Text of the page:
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This Is Cabaret: The Liberation of Colette Simple (22/09/14)

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It’s your everyday tale of suburban mundane goes suburban insane in this short but stylistically inventive musical comedy from Spatfeather Theatre at Jacksons Lane. The Liberation of Colette Simple might not quite have the substance to match its more outlandish cosmetic quirks, but its humour and playful tone keeps it light, bright, and, coincidentally or not, pretty simple.

The entire cast of characters in Liberation is played by just two actors, Nathalie Carrington as primarily Colette, and Gary Tushaw, who plays amongst others, a power mad policeman, a pernickety old woman (complete with bonnet and strap around bosomed dress) and…a talking, opinionated canary. Costume changes between each character happen visibly on stage, creating a farcical atmosphere that’s only continued as Colette steps outside the front door of her neat, pink store to discover (using a delightfully unexpected drop of grass cuttings from the ceiling) that someone has wrecked havoc on her petunias. And, like the predictable turning of a cog in a Stepford Wife, that’s all it takes for our protagonist to suddenly go quite off the rails.

Adapted from the one act Tennessee Williams’ play The Case of the Crushed Petunias, Liberation builds upon this short but surreal piece of quaint madness by threading musical numbers in-between the mirth.  In an intriguing twist there isn’t one single lyricist for the entire play – instead the work is shared between eight different composers of various backgrounds – from cabaret king Desmond O’Connor to spoken word artist Charlie Dupré. It’s a shame then that the songs themselves generally don’t feel like more than just a springboard for a wacky character’s humorous personality before we’re launched into a different platform for a different character. There’s few ditties that you’ll fully remember once you’re sauntering out to Highgate – the policeman’s “Town Anthem” stands out for its satirical edge, but most of the rest is nearly indistinguishable, especially surprising given the fact that they’ve been written by eight supposedly distinct composers.

And yet, even given the generally average song list, it’s hard not to like the brash preposterousness of Liberation. James Cotterill’s set is a treat, gradually falling apart as Colette’s world of ordered petunia rows disintegrates, and both Tushaw and Carrington cope well with the frenzied pace with the former in particular morphing from one insane caricature to the next with hilarious aplomb. Once you look past the loud, brash excitement of delirium that infects the musical you won’t find very much else to reflect on, but then, in a musical about an American woman with a talking canary who freaks out over some dead flowers, that’s probably for the best.

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This Is Cabaret: Fraff (A Review In Five Terrible Poems) (17/09/14)

Curated and compered by alt-drag enfant terrible Scottee of Camp, Hamburger Queen, and The Worst Of Scottee fame, new project Fraff kicked off earlier this month with a show at Rich Mix. The night brought together an impressive collection of alt-cabaret luminaries to try out poetry or spoken word. Jonny Woo, Michael Twaits, Bryony Kimmings, Barbara Brownskirt, Isabel Tennyson and Hunt & Darton all stepped up to the mikeand, in homage to Fraff‘s theme, here are my own thoughts in poetic form.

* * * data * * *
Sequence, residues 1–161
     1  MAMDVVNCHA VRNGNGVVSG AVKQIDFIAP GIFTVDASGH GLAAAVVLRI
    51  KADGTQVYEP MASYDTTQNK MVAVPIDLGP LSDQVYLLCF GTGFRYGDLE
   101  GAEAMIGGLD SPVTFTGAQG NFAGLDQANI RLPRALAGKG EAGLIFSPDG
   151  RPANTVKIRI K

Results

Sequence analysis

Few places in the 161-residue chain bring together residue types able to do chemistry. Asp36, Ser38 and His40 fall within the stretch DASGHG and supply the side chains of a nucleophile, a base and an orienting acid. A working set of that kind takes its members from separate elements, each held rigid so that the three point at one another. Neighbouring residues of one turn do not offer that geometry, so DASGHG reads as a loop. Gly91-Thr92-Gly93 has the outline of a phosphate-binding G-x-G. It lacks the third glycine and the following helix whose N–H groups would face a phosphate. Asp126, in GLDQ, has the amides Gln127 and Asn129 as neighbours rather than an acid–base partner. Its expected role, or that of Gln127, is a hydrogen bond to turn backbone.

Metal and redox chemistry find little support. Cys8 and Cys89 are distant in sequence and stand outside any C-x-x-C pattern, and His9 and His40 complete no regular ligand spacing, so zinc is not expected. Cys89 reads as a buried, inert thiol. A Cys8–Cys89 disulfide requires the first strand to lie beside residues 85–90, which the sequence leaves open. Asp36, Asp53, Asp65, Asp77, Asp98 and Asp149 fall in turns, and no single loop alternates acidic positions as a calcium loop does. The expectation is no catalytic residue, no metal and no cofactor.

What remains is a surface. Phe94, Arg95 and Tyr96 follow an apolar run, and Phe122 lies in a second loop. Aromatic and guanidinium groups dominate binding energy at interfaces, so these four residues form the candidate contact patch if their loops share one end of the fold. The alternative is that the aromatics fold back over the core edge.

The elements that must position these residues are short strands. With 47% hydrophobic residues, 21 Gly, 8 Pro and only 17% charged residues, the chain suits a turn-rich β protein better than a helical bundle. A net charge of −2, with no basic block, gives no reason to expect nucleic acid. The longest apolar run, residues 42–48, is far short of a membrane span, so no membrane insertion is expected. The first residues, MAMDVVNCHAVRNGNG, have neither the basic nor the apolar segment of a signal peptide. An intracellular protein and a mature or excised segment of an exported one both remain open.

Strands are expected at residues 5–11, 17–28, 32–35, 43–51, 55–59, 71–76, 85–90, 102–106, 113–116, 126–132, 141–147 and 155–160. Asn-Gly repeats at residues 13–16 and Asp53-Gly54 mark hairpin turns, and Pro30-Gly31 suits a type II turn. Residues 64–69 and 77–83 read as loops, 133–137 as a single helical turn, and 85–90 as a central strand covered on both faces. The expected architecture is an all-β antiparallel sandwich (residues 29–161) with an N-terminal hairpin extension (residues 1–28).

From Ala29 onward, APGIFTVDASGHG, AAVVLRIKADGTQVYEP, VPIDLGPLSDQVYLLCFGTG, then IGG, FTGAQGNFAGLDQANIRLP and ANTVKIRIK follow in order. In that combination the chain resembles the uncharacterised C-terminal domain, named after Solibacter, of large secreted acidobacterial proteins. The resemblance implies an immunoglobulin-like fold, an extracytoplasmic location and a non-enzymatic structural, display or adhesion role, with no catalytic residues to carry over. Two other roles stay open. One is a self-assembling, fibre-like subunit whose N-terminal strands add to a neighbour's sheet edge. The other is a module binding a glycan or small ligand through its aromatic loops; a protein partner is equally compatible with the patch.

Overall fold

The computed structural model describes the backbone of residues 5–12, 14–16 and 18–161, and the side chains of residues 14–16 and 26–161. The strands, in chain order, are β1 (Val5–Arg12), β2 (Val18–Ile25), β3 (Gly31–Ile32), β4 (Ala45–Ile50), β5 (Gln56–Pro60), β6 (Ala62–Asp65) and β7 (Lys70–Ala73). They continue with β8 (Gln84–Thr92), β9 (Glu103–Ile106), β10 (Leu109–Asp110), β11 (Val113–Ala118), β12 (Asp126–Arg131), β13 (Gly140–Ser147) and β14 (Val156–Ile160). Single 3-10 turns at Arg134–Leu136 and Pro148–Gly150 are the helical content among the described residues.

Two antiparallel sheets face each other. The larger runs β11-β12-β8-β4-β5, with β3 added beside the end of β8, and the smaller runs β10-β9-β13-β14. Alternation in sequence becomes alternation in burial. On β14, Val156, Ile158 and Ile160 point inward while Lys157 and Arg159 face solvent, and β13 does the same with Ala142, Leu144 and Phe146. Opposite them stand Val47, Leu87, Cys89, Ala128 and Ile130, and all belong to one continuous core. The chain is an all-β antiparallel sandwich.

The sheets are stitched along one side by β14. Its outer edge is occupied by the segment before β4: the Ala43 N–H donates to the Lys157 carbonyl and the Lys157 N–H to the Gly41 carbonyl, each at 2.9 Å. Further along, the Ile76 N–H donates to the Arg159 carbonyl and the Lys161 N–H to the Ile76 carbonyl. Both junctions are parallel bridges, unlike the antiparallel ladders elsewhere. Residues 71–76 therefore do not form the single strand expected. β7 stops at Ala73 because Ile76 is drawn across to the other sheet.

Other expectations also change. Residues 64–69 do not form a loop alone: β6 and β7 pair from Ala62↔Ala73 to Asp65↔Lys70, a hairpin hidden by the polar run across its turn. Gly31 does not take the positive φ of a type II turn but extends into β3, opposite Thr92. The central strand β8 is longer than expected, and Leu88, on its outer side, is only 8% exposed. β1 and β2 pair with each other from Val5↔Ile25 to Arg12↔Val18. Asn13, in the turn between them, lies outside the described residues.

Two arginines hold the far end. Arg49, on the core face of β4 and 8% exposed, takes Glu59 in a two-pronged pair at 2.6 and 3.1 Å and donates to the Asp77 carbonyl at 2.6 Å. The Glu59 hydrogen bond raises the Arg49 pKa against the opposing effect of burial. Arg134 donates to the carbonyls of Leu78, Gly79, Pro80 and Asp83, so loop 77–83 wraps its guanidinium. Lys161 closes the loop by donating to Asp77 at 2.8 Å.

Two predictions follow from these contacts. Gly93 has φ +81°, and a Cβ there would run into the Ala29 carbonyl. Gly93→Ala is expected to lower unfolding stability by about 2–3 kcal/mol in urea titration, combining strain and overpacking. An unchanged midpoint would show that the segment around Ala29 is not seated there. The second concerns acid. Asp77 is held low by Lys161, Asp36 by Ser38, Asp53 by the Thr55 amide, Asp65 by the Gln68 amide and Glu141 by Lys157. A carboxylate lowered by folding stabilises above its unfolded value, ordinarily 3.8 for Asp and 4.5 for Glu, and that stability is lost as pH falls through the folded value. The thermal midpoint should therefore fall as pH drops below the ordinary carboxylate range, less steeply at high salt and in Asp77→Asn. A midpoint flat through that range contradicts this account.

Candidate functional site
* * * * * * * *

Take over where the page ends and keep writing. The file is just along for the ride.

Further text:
(Limerick)

There once was a critic called Laura

But writing normal reviews just bored her

So she went to review FRAFF

And took up the chance

To write poetry of the lowest order!

(Haiku)

Scottee hosts the night

A dyslexic  disco ball,

Gives it some structure.

(Ode)

Oh! Barbara Brownskirt,

You, the poet on the bill with the zipped up anorak cowl

Gleaming like the waterproof helmet of a Grecian Queen.

Your witty Peckham lines and your scowl

Producing laughs from us, as if laughing machines.

Whilst many of the poets were keen to use jokes –

It was yours that did the loudest chuckles evoke.

(Acrostic)

All of us get the chance

Using up the pens to hand

Doodling is not alright

Instead it’s poems we must write

Eventually Scottee reads them out

Next we vote without a doubt

Could the blanked out film script win?

Er no, it’s the vet with the toothy grin.

(Rondeau)        

Hit and miss

But still much bliss

Anarchical whimsy in central Shoreditch.

Miss and hit

They shouldn’t quit

The night for yes I will admit

This poetry is just a bit

Harder than I can have wished

Hit and miss

Miss and hit

Yet just enough humour and jokes to make it

Worth a watch, worth a sit

So I certainly won’t dismiss

Fraff as poetry with a needless twist

Because it’s not.

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This Is Cabaret: Celia Imrie’s Laughing Matters (13/08/20)

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There’s nothing new or startling about Celia Imrie’s one woman cabaret Laughing Matters at the St. James Studio, but that doesn’t seem to matter because it’s Celia Imrie. Even when the vocals are strained and the song choices a little predictable, she still manages to carry off an enjoyable romp by her sheer stage presence alone. It’s a mighty advantage that, in the hands of a much lesser known actor, could have left the night feeling flat. It does beg the question, though, as to why, with her star still burning so bright, Imrie has felt the need to continue with her revue at all.